“The lead times are generally shorter than forward order and it has an express collection of on-trend fashion pieces that can go from order to our warehouse in seven to ten days,” he explains. He adds that Jack & Jones is working particularly well in-store, partly due to a denim replenishment system. “One of the things I like about dealing with Bestseller is that it has great, accessible people who are always quick to resolve problems and find solutions,” says Scott.
Nadia Mounti, company director of three-store womenswear indie Leila in north London, says Bestseller’s short-order offering has changed the way her company trades. “The main thing that attracted me to Bestseller is the price points, the short-order aspect and the continuous flow of fresh styles,” she says. “This gives us the freedom to constantly give the shop a fresh look.”
Mounti stocks Vila, Vero Moda, Only and Pieces in her three stores and says the collections fulfil her need for trend-aware styles, giving her the opportunity to compete with the high street. “We rely hugely on repeat custom and the short-order system means we can regularly offer customers different options, so there is something new for them to look at when they pop in,” she adds.
Striving for perfection
While Bestseller’s production and distribution cycle may impress, Nielsen says it could be even better. “We can always improve our logistics and tighten the times from supplier to Bestseller, and then how things are handled from Denmark to local countries. Every day will count,” he says. Currently fast-fashion items such as T-shirts and sweat tops can go from design to the shop floor within four to five weeks, while heavier items like outerwear have longer lead times.
“With Jack and Jones, Only and Vero Moda, we have a supplier programme where we choose the best-selling basics and we have them in our warehouse so we can supply them week to week,” he says. “It is about replenishing and keeping the retailer’s cash flow steady. Then if a customer asks for a size 32/32, for example, they can order from us and have it shortly after.”
Garments are produced by suppliers in Europe, the Middle East and Asia. Nielsen says many relationships with suppliers extend back to the company’s launch more than 30 years ago. “The suppliers get to know how we work and the identity of the brands. You can’t go from one supplier to another every year if you want to keep the identity, so that is very important for us,” he explains.
As well as regular suppliers, the company also has buying offices in countries including China, Turkey, India and Italy.
With such large production orders, awareness of factory conditions and environmental impact is becoming increasingly important for the company. In 2002 Bestseller introduced a code of conduct in accordance with standards set by workers’ rights body International Labour Organisation, which outlines expectations regarding the age and working conditions of staff in its suppliers’ factories.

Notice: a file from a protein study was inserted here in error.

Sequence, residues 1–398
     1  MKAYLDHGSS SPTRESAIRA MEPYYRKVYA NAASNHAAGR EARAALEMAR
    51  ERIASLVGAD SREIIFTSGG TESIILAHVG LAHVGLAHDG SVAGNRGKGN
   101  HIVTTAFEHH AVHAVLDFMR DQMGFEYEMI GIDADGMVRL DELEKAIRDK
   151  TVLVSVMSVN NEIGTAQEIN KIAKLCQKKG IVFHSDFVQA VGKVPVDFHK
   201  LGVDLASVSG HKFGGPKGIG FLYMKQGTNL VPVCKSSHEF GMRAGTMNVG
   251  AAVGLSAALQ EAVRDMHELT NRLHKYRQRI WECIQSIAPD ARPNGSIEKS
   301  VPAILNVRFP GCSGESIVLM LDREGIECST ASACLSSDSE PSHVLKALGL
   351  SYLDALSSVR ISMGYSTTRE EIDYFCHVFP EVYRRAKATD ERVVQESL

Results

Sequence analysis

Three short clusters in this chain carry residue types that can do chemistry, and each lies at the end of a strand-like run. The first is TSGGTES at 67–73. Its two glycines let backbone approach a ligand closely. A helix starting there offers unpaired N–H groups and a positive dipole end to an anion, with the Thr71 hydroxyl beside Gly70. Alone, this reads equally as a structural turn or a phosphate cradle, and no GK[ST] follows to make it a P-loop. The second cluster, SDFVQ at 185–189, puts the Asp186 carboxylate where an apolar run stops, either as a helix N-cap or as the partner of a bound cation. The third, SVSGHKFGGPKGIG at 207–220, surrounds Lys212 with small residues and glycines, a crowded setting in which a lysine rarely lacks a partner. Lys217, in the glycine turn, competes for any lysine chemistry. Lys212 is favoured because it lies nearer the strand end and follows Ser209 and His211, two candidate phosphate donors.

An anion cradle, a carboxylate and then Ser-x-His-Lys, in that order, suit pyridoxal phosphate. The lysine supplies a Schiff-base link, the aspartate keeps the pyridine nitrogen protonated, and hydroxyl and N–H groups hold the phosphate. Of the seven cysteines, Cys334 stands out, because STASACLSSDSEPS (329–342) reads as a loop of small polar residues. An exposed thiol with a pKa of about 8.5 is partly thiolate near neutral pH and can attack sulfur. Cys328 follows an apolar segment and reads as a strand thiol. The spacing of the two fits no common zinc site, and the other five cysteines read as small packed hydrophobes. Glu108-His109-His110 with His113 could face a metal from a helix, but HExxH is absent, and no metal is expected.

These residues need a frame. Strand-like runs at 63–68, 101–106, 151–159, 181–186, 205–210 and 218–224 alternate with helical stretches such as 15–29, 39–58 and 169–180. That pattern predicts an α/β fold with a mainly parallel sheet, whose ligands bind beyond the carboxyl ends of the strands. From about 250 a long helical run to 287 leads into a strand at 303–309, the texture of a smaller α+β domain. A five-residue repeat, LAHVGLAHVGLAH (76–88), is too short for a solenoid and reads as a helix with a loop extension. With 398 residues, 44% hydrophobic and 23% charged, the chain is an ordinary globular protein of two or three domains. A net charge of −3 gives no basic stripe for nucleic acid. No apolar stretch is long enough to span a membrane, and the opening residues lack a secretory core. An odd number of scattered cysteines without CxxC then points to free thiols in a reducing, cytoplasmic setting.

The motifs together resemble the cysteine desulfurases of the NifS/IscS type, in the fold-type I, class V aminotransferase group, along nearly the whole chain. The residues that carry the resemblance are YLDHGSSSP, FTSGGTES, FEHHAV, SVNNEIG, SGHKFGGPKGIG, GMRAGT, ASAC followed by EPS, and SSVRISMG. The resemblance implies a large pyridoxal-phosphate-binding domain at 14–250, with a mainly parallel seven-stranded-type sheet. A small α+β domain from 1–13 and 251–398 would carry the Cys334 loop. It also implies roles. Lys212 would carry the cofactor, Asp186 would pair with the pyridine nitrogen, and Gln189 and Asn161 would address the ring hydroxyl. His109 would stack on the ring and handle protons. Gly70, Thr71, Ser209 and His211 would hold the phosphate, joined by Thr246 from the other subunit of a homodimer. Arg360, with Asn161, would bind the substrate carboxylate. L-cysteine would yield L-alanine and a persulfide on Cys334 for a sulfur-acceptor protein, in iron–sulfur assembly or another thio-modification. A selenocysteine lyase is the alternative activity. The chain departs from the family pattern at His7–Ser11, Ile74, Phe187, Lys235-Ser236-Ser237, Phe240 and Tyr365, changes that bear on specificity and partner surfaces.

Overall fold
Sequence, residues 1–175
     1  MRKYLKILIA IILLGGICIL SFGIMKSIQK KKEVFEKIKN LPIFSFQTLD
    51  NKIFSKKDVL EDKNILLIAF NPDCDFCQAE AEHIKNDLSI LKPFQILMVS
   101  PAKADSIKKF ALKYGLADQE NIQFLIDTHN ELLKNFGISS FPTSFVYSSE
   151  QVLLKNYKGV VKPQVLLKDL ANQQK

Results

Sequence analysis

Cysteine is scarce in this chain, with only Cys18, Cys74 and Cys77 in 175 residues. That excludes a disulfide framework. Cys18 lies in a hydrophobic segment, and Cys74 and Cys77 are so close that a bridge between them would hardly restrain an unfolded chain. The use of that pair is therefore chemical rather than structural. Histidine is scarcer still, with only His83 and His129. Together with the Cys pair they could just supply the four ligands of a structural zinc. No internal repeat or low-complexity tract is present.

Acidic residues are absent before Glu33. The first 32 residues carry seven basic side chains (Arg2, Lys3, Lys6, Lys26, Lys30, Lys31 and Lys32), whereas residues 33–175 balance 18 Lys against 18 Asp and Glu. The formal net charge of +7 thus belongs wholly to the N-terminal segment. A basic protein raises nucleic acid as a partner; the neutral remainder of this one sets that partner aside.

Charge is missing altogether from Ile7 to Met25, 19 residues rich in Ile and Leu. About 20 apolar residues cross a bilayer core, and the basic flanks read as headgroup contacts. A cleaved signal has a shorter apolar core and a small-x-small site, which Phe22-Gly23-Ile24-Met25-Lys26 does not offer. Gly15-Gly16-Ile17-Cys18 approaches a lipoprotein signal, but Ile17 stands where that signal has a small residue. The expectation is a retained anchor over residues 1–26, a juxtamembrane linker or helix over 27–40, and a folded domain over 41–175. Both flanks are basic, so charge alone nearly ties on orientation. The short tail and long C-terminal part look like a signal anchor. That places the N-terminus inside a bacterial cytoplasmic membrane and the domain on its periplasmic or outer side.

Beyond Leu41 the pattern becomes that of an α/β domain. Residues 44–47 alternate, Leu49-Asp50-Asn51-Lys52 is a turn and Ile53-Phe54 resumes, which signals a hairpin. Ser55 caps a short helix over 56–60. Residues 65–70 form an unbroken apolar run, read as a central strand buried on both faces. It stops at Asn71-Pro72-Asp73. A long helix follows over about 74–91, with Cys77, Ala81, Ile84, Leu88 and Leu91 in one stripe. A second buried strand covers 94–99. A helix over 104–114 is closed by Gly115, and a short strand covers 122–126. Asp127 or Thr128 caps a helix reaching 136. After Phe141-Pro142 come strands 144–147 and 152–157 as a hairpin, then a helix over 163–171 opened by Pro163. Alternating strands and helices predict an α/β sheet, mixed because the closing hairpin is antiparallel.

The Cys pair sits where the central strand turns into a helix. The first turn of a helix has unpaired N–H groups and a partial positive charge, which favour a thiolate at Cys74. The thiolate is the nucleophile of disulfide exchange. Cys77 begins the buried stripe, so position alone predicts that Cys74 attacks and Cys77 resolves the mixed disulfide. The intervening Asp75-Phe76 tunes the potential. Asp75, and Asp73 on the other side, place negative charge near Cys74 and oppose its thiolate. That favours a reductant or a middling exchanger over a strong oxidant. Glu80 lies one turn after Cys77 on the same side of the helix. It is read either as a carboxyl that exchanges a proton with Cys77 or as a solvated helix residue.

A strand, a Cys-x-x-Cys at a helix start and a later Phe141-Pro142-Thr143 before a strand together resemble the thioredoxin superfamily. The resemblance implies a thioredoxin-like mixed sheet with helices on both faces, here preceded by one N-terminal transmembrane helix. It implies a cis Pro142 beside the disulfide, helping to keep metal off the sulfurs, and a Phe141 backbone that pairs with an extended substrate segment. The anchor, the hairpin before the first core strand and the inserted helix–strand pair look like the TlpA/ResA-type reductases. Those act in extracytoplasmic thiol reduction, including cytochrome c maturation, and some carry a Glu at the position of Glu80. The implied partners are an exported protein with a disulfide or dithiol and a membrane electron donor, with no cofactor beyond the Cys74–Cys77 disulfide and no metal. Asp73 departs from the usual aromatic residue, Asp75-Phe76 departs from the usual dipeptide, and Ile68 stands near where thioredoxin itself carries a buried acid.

“Of course we can never be 100% sure – there are so many factories and suppliers,” says Nielsen. “But it is important for us to train our factories and suppliers, to outline our criteria and goals, so they can control themselves [to meet our expectations].”
In 2007 Bestseller also helped to establish the Danish Ethical Trading Initiative, similar to the UK Ethical Trading Initiative, which aims to promote better working conditions for international factory staff. “We are a big company – we need to take steps every day to do things better,” says Nielsen. “Right now we are working on projects that will give us a deeper insight into the environmental impact of our entire production. We will make more environmental guidelines based on this.”
Bestseller prefers word of mouth and a PR-based marketing approach as opposed to grand advertising campaigns. It has signed Brazilian supermodel Gisele Bn for its spring 08 Vero Moda promotional material, but Nielsen says the company tends to shy away from excessive advertising spend.
“Who is going to pay for that marketing in the end? The customer,” he says. “The end consumer can see what is value for money. That is probably the biggest headline for all our brands – value for money, attention to detail and that customers don’t pay too much for the garments.”
Allan Nielsen CV
2006Becomes country manager for Bestseller UK and Ireland, overseeing all brands
2004 Bestseller’s Jack & Jones fascia launches in Canada
2002 After starting out in various retail and fashion buying roles, becomes Bestseller sales manager for UK and Ireland, based in Denmark